A large observational Chinese study published in the Annals of Internal Medicine in 2018 linked drinking hot tea to esophageal cancer. But how great is the risk, and how hot is too hot?
Clinical evidence challenging many long-held standard approaches to the management of acute pancreatitis has recently come to light. Updated guidelines from the American Gastroenterological Association reflect the latest thinking.
People who have lifestyles consistent with guidelines established by the American Cancer Society (ACS) tend to have a lower risk of death from cancer and a better quality of life, according to a 2018 study in JAMA. These guidelines include achieving and maintaining a healthy weight, exercising regularly and eating a diet rich in fruits, vegetables, and whole grains, and low in red and processed meat.
Most of us have experienced what it feels like to have trouble swallowing, such as when we eat too fast or don't chew our food thoroughly. But if you regularly have trouble initiating a swallow, take a long time to swallow, or cough or choke during the process, you may have dysphagia.
Irritable Bowel Syndrome (IBS) sufferers frequently report that their symptoms worsen after meals. A number of strategies to alleviate those symptoms, including a "low FODMAP" diet have been proposed. Here's a look at recent research.
A hiatal hernia doesn't cause heartburn, but it is often associated with gastroesophageal reflux disease (GERD). Here's why.
A large German study published in 2016 found an association between the long-term use of proton pump inhibitors (PPIs) and the risk of developing Alzheimer's disease (AD) in people over age 75. But two more recent studies, failed to find any such association.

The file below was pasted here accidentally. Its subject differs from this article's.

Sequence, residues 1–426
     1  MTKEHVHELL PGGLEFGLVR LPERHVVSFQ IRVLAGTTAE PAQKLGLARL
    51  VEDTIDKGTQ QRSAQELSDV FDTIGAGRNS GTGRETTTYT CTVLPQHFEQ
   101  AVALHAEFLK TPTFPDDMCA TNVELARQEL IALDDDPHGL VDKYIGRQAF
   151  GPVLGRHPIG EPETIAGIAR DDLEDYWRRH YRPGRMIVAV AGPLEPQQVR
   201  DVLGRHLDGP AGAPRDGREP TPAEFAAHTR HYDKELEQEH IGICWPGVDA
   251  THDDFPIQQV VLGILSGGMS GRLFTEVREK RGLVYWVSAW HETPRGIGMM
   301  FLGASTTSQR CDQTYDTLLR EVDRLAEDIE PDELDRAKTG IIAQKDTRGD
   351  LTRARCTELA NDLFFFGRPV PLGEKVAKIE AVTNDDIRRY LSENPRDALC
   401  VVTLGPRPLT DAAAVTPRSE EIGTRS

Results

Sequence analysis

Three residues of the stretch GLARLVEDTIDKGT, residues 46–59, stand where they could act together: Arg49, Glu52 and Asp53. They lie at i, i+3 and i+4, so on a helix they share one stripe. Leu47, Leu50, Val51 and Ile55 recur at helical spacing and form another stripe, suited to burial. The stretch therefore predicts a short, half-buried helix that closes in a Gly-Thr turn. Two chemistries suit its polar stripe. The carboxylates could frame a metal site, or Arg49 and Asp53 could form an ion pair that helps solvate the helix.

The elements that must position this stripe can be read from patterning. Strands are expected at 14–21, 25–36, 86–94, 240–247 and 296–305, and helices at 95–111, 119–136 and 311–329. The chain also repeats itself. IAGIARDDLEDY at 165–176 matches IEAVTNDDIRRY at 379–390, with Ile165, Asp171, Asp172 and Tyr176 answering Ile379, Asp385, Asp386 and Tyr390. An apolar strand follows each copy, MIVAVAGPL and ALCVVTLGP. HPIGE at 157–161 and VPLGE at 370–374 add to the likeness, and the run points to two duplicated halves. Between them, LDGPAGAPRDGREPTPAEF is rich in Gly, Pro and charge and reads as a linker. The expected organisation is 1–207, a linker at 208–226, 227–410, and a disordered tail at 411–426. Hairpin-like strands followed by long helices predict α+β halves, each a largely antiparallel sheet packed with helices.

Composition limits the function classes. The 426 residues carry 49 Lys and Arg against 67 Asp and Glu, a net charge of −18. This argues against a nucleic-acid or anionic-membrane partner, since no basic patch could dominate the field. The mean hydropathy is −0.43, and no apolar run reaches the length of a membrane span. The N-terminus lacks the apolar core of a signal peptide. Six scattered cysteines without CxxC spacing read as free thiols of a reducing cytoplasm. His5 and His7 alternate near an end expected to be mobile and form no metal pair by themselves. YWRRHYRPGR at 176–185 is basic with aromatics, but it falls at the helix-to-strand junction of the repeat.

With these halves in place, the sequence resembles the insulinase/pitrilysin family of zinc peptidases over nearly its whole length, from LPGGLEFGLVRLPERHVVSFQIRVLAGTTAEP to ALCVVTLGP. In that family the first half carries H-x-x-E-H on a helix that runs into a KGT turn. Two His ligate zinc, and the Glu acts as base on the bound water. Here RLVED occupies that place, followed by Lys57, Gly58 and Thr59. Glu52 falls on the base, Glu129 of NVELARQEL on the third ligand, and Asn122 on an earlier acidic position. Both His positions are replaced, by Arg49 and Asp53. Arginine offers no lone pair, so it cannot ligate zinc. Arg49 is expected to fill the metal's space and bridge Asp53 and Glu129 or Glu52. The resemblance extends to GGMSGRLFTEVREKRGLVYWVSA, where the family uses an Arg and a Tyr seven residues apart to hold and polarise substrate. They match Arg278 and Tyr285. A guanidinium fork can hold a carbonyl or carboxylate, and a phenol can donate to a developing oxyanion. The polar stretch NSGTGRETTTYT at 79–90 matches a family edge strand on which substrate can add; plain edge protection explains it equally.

A Mediterranean-style diet may reduce the risk of cholecystectomy (gallbladder removal) for the treatment of gallstones, according to a 2017 study in The American Journal of Gastroenterology.
If you are taking anti-TNF agents to control inflammatory bowel disease (IBD) and you still have evidence of active disease, here's what the American Gastroenterology Association (AGA) recommends.
If you have a fecal immunochemical test (FIT) and you test positive, you will need to undergo a follow-up colonoscopy. Based on the findings of a new study, don't delay.
People with inflammatory bowel disease (IBD) often view their gastroenterologist as their primary care provider, and tend not to see a primary care provider very often. A recent clinical guideline from the American College of Gastroenterology, however, suggests that people with IBD would benefit from coordinated care, where the gastroenterologist and the primary care provider keep each other informed of their patients' health status and needs.
Are you a meat-and-potatoes kind of guy? A 2017 study in the journal GUT suggests that men who regularly eat red meat—beef, pork, lamb, particularly in unprocessed forms (as opposed to deli meats and sausages)—have an increased risk of developing diverticulitis.
Eating a mostly vegetarian diet may be as effective as taking a proton pump inhibitor (PPI) to relieve symptoms of a form of stomach acid reflux called laryngopharyngeal reflux (LPR), according to a new study.
Gluten has gotten a bad rap in recent years. As a consequence, low- and gluten-free diets have become popular, with people speculating that the consumption of wheat and other gluten-rich grains has negative effects on their health. But at this point, that's all it is-speculation.
If you have a parent, sibling, or child with celiac disease, you should be tested for it, even if you don't have symptoms or signs of the condition, according to a 2017 review article in the Journal of the American Medical Association.